Davis said, "In the past year, New Hanover County contributed $300,000 to help fund the regional SABLE helicopter program. We improved our 911 call center to include law enforcement dispatching for our university campus. And we have also worked with ABC officials, the city of Wilmington and our Sheriff to provide funding for additional law enforcement for downtown security."
He said, "Not only has New Hanover County worked to decrease crime, but we are also helping rehabilitate those who have found themselves in the endless cycle of drug abuse."
He explained, "This past year, New Hanover County agreed to take over what was the state's responsibility to fund the drug treatment court program where previously addicted citizens become tax payers, instead of tax users. Drug Treatment Court is here to enhance and monitor drug treatment services to chemically dependent adult offenders, while holding those offenders accountable. It costs $80/day in the county jail but only $12/day for Drug Treatment Court. Eleven participants have successfully completed and graduated from the program in the last year. And just a few weeks ago, the Commissioners agreed to apply for a state grant to continue funding the DWI Court, which helps individuals who are repeat offenders."
Davis said the county developed its first strategic plan in nearly two decades last year. Commissioners adopted the Strategic Plan identifying the following five priorities:
• Superior Public Health, Safety and Education
• Intelligent Growth and Economic Development
• Strong Financial Performance
• Productive Strategic Partnerships
• Effective County Management
Davis said, "New Hanover County has been a leader in developing new technology.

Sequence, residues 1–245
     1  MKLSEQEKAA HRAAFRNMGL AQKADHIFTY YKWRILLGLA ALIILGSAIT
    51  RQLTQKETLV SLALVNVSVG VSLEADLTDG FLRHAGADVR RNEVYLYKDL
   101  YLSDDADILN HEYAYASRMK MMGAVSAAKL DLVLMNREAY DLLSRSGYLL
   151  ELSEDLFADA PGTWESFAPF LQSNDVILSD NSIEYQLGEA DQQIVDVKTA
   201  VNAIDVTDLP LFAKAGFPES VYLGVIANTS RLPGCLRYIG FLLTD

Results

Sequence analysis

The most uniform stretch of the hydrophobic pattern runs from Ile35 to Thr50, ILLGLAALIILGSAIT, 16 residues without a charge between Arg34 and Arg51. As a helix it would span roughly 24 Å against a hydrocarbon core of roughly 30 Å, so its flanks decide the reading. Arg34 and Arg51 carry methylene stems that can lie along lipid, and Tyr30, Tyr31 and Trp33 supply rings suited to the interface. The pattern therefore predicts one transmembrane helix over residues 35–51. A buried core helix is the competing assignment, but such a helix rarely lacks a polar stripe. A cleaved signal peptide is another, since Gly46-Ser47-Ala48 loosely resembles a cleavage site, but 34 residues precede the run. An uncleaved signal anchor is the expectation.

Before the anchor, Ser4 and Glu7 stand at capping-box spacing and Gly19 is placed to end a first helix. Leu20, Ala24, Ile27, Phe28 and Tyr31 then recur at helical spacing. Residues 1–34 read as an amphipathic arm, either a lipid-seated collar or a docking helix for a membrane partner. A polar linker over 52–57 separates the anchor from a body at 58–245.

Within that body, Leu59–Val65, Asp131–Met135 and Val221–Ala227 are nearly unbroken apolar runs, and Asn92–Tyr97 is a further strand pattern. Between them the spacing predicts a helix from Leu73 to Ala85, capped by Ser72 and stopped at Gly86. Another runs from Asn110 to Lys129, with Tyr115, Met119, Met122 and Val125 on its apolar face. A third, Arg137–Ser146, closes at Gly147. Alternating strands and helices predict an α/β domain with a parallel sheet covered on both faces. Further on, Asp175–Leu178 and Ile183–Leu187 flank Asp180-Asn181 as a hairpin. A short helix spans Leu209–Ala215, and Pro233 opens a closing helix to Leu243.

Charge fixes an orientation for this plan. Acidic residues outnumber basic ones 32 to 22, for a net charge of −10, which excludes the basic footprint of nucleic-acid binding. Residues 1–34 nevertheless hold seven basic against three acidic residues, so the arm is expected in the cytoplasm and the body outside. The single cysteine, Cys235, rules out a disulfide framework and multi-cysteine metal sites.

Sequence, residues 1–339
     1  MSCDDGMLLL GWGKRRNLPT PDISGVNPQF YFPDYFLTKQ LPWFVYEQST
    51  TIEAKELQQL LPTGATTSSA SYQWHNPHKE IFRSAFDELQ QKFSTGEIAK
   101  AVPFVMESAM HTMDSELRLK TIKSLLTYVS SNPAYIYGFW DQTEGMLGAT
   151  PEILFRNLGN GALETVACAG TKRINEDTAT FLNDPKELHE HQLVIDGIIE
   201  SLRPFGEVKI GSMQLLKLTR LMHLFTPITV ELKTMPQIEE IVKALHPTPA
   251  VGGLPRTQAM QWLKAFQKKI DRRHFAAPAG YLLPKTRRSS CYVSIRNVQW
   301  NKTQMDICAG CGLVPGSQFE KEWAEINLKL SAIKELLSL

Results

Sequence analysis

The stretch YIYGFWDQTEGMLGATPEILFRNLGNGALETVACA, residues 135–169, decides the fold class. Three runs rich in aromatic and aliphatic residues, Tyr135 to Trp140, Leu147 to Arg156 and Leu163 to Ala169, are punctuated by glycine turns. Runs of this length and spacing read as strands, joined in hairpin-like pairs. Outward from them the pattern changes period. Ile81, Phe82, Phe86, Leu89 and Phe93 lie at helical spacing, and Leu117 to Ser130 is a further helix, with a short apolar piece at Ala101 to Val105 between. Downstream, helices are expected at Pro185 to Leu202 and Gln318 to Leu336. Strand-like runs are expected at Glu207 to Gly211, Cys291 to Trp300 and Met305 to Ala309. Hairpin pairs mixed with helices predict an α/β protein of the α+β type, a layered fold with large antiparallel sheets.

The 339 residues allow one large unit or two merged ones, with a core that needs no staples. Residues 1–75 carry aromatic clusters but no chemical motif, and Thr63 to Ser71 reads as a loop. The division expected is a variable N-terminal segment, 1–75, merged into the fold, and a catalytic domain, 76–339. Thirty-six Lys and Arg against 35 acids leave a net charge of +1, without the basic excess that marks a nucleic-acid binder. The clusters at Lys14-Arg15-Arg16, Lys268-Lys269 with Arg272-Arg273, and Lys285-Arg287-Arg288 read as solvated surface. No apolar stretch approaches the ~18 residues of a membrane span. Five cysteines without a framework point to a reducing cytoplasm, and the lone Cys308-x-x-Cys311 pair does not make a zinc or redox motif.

We were the first television market in the country to go all-digital. And now, we are the first county in the nation to use TV White Space. This new technology will allow us to provide Internet access in our parks and gardens, will help traffic controllers see the hot spots of traffic congestion, and help protect our citizens and businesses by linking that technology with patrol cars to let officers monitor, in real time, the dangerous situations they can face."
Davis explained, "We are constantly looking for innovative ways to provide services in a more cost effective manner. Our Property Management department teamed up with Progress Energy on 12 lighting upgrade projects, saving the county on annual electricity costs. Through these programs, New Hanover County has received more than $35,000 in rebates from Progress Energy."
Davis spoke of automation improvements in the Register of Deeds office and conducting a series of town hall meetings last year to communicate with the public.
He said the Citizens' Academy is improving communication with, and the education of, those who live in New Hanover County.
Davis said, "The County is working with the Wilmington International Airport Authority and the State Ports Authority to reactivate the Foreign Trade Zone at the state port and expand its footprint and benefits to the airport. This is important because a Foreign Trade Zone is an area near a port of entry where duties and taxes are payable only when moved from the zone for use by businesses. Therefore, this Foreign Trade Zone will help increase our global competitiveness."
Davis said, "Last year, the Commissioners and county staff issued a call for qualifications to possibly renovate and operate on a long term basis the county's sustainable energy facility, commonly known as the trash incinerator. Two industry leaders emerged from the review and were invited to respond. Formal proposals are expected in March. The Board intends to choose one of the two companies and proceed with a future plan for our solid waste before the end of this fiscal year."
He said, "In closing, please allow me to remind you that the Board's vision is to maintain a vibrant and prosperous community that will build a sustainable future for generations to come."